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Spreading behavior of an impacting drop on a structured rough surface

Sivakumar, D and Katagiri, K and Sato, T and Nishiyama, H (2005) Spreading behavior of an impacting drop on a structured rough surface. In: Physics of Fluids, 17 (10).

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Abstract

The spreading of water drops impinging on structured rough surfaces is studied experimentally. The rough surfaces are specially prepared with a regular pattern of surface asperities. The arrangement of the square-shaped surface asperities creates channel-like grooves on the surface. A video microscope along with a controlled light exposure system is used to construct the image sequences of the spreading process. The images are digitally analyzed to measure the temporal variation of the spreading drop diameter 2R. Results are obtained for three rough surfaces with varying asperity heights in the range of 100-500 \mu m and for different impact drop conditions with Weber number We in the range of 35-225. The results on the temporal variation of 2R show that, on the structured rough surfaces, the spreading occurs simultaneously both inside and above the texture pattern of the surfaces. For a given surface geometry, the volume of liquid flowing inside the grooves of the surface increases with increasing We.Consequently, the values of 2R measured inside the texture pattern are larger than those measured above the texture pattern, and their difference increases with increasing We. The arrangement of the surface asperities influences the spreading pattern of an impacting drop spreading axis symmetrically. For the texture geometry used in the present study, the spreading pattern resembles a regular rhombus shape for the impact of low We drops and becomes complex at high We. The spreading distances, measured both inside and above the texture pattern of the structured rough surfaces, are nearer to the measurements recorded on the smooth surface if the asperity height of the rough surface is smaller than the thickness of the spreading liquid lamella;however, the surface asperities influence the spreading pattern drastically and create a liquid splash.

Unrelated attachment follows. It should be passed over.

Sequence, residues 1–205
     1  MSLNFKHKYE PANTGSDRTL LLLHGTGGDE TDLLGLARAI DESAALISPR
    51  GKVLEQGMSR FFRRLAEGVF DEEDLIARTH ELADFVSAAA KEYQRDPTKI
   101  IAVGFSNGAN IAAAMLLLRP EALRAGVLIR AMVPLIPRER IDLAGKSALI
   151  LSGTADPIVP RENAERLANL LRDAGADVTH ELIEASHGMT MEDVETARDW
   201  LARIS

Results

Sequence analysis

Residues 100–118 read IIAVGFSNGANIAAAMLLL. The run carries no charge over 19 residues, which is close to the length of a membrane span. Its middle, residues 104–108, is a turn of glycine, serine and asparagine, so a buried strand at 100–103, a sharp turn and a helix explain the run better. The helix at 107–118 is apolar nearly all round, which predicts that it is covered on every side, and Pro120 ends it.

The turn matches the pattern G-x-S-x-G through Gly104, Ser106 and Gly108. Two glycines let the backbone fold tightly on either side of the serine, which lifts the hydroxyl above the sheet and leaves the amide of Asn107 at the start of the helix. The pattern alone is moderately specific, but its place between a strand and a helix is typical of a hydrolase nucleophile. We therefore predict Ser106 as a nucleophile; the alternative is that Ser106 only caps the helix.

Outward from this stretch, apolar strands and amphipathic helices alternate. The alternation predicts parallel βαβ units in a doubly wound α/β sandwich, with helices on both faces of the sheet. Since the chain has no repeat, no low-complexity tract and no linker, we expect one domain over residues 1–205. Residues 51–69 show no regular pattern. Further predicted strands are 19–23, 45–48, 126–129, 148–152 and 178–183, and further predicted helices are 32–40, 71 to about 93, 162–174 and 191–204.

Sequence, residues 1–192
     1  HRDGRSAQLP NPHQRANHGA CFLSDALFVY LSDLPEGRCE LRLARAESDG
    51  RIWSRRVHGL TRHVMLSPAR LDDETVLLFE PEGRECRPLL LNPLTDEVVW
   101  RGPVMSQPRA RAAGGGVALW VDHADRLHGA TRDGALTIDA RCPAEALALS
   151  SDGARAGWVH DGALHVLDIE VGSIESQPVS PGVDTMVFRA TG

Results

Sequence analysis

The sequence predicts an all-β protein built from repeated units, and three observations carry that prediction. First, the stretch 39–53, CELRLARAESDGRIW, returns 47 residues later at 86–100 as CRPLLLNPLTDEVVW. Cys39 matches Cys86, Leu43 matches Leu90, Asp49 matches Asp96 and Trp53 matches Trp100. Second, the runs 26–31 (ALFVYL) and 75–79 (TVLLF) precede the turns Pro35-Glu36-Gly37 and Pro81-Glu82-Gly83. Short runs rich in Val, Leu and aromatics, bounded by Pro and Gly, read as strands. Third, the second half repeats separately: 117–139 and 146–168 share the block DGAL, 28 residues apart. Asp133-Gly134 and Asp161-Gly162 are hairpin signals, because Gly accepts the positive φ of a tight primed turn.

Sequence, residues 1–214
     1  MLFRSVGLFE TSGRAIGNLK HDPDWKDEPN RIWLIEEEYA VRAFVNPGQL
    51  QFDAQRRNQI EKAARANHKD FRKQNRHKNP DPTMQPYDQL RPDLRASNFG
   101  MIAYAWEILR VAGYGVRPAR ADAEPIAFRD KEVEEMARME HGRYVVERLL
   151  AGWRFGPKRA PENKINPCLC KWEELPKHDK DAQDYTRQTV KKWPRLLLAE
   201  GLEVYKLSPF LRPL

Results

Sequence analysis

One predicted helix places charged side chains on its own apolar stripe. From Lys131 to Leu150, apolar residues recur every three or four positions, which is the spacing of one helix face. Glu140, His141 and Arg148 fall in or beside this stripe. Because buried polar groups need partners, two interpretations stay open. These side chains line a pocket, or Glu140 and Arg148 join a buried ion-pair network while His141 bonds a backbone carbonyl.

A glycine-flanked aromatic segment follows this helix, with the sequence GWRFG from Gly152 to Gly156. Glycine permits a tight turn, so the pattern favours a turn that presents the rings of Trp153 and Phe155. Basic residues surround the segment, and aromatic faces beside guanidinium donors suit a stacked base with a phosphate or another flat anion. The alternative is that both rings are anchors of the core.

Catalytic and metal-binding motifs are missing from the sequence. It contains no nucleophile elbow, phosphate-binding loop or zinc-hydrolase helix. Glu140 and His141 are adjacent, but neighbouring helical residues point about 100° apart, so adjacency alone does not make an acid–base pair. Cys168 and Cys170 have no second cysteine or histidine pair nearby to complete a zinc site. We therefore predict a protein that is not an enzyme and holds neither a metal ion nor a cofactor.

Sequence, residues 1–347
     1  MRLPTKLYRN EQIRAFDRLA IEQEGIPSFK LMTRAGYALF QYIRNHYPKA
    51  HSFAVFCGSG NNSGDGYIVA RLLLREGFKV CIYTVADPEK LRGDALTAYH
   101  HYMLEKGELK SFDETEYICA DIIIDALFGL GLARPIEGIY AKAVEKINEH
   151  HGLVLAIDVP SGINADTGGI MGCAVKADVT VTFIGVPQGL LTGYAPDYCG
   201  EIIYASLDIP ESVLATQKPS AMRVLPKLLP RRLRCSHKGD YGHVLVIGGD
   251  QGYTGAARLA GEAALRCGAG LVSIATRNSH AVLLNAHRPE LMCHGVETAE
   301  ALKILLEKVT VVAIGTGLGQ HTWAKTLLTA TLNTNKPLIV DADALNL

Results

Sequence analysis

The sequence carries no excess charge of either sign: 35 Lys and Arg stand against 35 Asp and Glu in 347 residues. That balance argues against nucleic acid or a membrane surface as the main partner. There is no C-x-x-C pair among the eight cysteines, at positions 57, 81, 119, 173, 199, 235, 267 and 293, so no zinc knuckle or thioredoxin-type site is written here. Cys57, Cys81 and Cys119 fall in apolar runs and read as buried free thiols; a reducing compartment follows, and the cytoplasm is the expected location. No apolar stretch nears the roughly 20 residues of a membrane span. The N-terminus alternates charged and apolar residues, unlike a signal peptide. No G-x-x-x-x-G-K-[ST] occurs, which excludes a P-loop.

Item Type: Journal Article
Additional Information: Copyright for this article belongs to American Institute of Physics.
Department/Centre: Division of Mechanical Sciences > Aerospace Engineering (Formerly, Aeronautical Engineering)
Date Deposited: 12 Dec 2005
Last Modified: 19 Sep 2010 04:22
URI: http://eprints.iisc.ernet.in/id/eprint/4422

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